Windows 10 Fall Creators Update will ship with a mixed reality world. This world starts for the user inside a virtual house on a cliff surrounded by mountains and water. Within the space of this dwelling, a user is free to arrange and organize the 3D objects and apps that they care about any way they want. A 3D app launcher is a “physical” object in the user’s mixed reality house that they can select to launch an app.
There are 3 steps to creating a 3D app launcher.
The Windows Mixed Reality world your app launcher lives in is part familiar, part fantastical/sci-fi. The best launchers follow the rules of this world. Think of how you can take a familiar, representative object from your app, but bend some of the rules of actual reality. Magic will result.
When you look at your app launcher, its purpose - to launch your app - should be obvious and shouldn’t cause any confusion. For example, be sure your launcher is an obvious-enough representative of your app that it won’t be confused for a piece of decor in the Cliff House. Your app launcher should invite people to touch/select it.
Fantastic yet familiar, intuitive example (this is a fictional app).
3D app launchers live in the Cliff House and their default size should make sense with the other “physical” objects in the space. If you place your launcher beside, say, a house plant or some furniture, it should feel at home, size-wise. A good starting point is to see how it looks at 30 cubic centimeters, but remember that users can scale it up or down if they like.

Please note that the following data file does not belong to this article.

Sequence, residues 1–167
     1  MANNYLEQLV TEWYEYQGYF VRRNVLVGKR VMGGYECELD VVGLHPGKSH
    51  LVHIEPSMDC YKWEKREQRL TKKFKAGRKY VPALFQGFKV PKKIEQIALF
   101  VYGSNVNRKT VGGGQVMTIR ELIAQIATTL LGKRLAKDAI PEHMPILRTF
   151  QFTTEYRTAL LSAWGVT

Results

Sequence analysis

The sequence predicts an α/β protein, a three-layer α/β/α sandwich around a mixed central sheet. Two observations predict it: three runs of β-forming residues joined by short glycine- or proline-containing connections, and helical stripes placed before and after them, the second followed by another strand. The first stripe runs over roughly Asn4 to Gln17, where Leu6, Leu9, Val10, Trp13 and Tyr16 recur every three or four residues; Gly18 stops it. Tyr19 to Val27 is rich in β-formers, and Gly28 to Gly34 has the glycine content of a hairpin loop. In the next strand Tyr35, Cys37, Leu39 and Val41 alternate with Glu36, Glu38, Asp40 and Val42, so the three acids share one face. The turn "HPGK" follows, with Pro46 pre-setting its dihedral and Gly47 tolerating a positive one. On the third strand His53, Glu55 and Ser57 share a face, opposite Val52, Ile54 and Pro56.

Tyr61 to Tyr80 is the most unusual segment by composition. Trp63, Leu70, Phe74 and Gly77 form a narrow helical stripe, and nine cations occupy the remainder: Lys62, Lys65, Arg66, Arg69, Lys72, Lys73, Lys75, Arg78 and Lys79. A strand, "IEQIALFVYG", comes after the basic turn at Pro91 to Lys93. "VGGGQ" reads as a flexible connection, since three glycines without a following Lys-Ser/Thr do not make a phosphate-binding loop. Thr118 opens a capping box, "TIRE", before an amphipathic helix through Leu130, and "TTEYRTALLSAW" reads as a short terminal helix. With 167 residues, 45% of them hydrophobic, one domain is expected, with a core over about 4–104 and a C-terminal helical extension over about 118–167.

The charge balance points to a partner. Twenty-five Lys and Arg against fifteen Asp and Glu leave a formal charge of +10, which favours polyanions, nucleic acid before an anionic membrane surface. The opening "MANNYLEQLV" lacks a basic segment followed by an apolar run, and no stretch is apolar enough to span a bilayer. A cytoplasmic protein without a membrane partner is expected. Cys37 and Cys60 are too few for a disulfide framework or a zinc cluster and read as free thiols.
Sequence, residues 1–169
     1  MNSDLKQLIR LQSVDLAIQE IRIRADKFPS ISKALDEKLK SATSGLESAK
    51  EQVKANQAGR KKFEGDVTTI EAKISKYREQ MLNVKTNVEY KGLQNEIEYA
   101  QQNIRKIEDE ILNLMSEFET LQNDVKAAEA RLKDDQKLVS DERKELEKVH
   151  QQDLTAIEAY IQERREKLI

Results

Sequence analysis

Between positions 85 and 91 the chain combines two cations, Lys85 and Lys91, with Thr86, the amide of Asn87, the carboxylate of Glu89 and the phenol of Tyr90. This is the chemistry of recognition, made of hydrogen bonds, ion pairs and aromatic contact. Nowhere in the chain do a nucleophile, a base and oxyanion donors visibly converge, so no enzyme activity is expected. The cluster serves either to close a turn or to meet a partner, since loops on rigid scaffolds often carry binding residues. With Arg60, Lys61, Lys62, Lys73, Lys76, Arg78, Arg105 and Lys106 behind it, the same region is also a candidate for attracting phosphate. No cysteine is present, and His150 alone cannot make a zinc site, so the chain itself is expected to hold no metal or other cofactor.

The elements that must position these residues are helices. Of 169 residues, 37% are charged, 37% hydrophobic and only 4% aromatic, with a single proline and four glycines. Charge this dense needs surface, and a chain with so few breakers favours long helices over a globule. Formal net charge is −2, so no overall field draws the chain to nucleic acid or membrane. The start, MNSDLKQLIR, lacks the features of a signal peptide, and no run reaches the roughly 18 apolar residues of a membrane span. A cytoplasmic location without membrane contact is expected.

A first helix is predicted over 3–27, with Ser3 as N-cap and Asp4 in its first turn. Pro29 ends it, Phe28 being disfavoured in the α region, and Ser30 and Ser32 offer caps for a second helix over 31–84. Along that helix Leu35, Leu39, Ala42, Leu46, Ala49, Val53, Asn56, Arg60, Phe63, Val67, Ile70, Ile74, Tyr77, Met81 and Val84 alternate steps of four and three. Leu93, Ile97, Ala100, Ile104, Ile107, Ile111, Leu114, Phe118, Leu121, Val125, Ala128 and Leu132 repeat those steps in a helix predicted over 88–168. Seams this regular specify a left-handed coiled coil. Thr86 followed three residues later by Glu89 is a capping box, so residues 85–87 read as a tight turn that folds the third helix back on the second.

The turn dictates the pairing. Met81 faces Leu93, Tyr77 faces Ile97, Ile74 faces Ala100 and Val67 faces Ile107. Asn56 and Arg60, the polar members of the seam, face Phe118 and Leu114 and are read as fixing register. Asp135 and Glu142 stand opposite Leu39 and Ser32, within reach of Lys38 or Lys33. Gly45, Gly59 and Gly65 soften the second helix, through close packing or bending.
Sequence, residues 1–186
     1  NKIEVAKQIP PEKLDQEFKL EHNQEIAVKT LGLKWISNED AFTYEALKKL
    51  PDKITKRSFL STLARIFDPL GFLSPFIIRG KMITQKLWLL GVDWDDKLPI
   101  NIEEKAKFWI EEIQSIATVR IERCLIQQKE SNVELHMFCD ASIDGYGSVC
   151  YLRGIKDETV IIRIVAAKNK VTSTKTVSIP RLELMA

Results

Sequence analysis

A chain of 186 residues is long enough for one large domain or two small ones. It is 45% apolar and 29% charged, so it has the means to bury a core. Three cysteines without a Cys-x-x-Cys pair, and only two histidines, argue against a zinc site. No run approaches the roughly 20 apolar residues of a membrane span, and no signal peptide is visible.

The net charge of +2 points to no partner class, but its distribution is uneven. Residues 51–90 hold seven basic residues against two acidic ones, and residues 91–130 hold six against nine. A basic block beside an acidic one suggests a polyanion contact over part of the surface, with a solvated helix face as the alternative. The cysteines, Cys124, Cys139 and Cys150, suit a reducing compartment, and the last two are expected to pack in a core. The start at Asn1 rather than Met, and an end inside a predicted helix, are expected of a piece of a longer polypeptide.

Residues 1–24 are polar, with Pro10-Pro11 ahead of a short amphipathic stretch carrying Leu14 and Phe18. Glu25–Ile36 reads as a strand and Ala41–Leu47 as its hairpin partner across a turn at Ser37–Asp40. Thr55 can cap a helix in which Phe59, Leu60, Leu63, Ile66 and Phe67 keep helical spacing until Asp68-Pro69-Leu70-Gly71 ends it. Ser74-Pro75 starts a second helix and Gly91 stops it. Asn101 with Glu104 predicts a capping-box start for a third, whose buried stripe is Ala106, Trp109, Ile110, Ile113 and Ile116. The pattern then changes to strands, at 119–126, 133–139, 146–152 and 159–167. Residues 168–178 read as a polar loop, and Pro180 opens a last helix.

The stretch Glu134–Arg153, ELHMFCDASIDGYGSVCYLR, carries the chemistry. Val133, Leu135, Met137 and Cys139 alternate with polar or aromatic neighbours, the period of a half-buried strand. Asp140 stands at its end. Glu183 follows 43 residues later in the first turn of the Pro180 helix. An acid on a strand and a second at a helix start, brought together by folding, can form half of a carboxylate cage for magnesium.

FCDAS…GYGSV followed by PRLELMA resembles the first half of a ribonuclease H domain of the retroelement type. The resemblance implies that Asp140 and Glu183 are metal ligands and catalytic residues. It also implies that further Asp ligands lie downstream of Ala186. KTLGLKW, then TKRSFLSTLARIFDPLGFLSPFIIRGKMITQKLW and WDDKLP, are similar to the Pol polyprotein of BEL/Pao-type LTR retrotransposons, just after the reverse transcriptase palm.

The app launcher should feel like an object a person would be excited to have in their space. They’ll be virtually surrounding themselves with these things, so the launcher should feel like something the user thought was desirable enough to seek out and keep nearby.
Home scale and own-able example (this is a fictional app).
Your 3D app launcher should instantly express “your app’s brand” to people who see it. If you have a star character or an especially identifiable object in your app, we recommend using that as a big part of your design. In a mixed reality world, an object will draw more interest from users than just a logo alone. Recognizable objects communicate brand quickly and clearly.
Your app deserves more than just putting your logo on a flat plane and calling it a day. Your launcher should feel like an exciting, 3D, physical object in the user’s space. A good approach is to imagine your app was going to have a balloon in the Macy’s Thanksgiving Day Parade. Ask yourself, what would really wow people as it came down the street? What would look great from all viewing angles?
Model with subtle details in the texture
What to avoid
Avoid high-contrast, small busy patterns
Type colors that work
Type colors that work.
What to avoid - type colors that cause trouble
Type colors that cause trouble.
The lighting for your app launcher comes from the Cliff House environment. Be sure to test your launcher in several places throughout the house so it looks good in both light and shadows. The good news is, if you’ve followed the other design guidance in this document, your launcher should be in pretty good shape for most lighting in the Cliff House.
Good places to test how your launcher looks in the various lights in the environment are the Studio, the Media Room, anywhere outside and on the Back Patio (the concrete area with the lawn). Another good test is to put it in half light and half shadow and see what it looks like.
Make sure your launcher looks good in both light and shadows.
Authoring your textures
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